Q&A: Dr. Stephen Spann, Founding Dean of the University of Houston College of Medicine

Dr. Stephen Spann is the Founding Dean of the University of Houston College of Medicine. Earlier this month, Texas Gov. Greg Abbott signed a bill into law that formally recognizes the new medical school, which is slated to welcome its first class of students in Fall 2020.

The University is launching the school with the goal to build the primary care workforce in Texas, along with other aspirations. Read more in the January 2018 University of Houston College of Medicine Report.

Spann joined State of Reform to check in on the significance of the recent legislative milestone and what’s in store for the college moving forward.

 

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Sara Gentzler: What does this formal recognition from the state via House Bill 826 signify, in the big picture of bringing the school to fruition?

Dr. Stephen Spann: Well, it means that the Legislature has recognized our medical school as a state university medical school. And it formalizes that in statute, so to speak.

It formalizes the fact that we will have access to formula funding through the Higher Education Coordinating Board. It does not commit any additional funds, but I think it may be of help to us, as we have requested a $20 million appropriation, this biennium, for the start-up costs of the medical school. That is in the House budget. And so, hopefully the fact that this was approved by both the House and the Senate will be a stimulus for the State Legislature to approve our appropriation request in the budget.

SG: With that step taken, and with the application in to the LCME, what’s the next step in planning?

SS: We’re very busy working on the granular curriculum. We have the curriculum planned in broad strokes, but now we have to get very specific curricular objectives, start developing learning materials — so that’s a lot of work.

We’ve been busy recruiting faculty. We’ve recruited a number of faculty, just a few more to go to meet our goal for faculty we want to have here by this summer. Then, we’ll start recruiting some additional faculty that will be on board by the following summer to help [with] the first class.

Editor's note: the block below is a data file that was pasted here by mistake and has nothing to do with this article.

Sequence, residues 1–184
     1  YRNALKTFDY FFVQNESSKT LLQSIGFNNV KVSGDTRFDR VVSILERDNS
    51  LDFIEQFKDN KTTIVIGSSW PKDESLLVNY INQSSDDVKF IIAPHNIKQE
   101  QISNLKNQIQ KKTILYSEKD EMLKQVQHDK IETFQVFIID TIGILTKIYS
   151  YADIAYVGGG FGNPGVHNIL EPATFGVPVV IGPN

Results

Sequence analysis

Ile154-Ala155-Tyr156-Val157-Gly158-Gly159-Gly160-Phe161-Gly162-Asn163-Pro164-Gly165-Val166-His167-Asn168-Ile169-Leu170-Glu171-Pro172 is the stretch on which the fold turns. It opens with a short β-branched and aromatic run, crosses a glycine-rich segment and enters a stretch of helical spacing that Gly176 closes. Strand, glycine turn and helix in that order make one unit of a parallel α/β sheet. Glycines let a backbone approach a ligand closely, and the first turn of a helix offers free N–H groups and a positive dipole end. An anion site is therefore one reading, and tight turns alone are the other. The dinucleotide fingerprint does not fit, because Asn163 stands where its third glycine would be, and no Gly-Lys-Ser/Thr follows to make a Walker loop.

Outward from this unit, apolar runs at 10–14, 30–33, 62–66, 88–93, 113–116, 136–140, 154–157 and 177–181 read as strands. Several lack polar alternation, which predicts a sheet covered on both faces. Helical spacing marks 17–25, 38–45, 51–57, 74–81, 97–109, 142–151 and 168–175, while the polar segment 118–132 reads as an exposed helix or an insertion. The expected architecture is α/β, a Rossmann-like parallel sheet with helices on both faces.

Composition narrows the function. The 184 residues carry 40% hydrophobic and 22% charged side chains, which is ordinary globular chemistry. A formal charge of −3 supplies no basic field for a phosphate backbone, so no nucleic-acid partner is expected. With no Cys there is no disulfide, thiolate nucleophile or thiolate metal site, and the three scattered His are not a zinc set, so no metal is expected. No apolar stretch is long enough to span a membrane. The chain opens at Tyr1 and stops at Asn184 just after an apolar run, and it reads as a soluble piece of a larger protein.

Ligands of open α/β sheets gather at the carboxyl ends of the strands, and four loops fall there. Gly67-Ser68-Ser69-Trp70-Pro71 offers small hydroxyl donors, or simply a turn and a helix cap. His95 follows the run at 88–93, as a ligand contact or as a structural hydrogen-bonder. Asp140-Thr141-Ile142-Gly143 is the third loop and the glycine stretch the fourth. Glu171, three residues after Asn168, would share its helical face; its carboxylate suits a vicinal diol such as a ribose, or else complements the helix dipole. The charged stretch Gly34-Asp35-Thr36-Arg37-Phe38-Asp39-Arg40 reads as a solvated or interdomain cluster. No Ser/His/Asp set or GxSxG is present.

We’re also beginning to plan a permanent building. We have an architectural firm and a construction firm hired. So, the permanent medical education building is in the early stages of planning. That’s a lot of work, too.

SG: You mentioned recruiting faculty. The initial class of 30 students is slated to enter in Fall 2020, pending LCME accreditation. Do you know yet when recruiting would begin and what it would look like for that first class?

SS: By LCME rules, we cannot begin to recruit until we’re formally accredited.

Now, our accreditation process will take place through the Texas Medical and Dental [Schools] Application Service. So, we will have everything in place with them, so that when we get notice of accreditation we can trigger that process. That’s the way it’ll take place.

SG: And that would start when? This fall?

SS: It will start when we receive notice of accreditation. And we think that, probably, is unlikely to happen before next February.

SG: Obviously, there’s a lot going on — to bring it to the bigger picture: In 2014, Chancellor Khator said the new school would “not duplicate anything currently available in Houston, but…build upon it and focus entirely on community-based research and training.” There are some pretty specific goals, I know, as far as building the primary care workforce and serving these underserved areas. How do you see that vision playing out now, in the planning process?

SS: We’re very, very actively involved in trying to develop connections with communities, particularly those that have major health disparities.

The curriculum, at a high level, is already designed, and it will be very primary care focused. Every medical student will spend one half-day a week, for the four years of medical school, in a primary care setting — mostly in community-based, federally qualified health centers. So, we have a number of relationships established with local and federally qualified health centers, where students will do that half-day a week.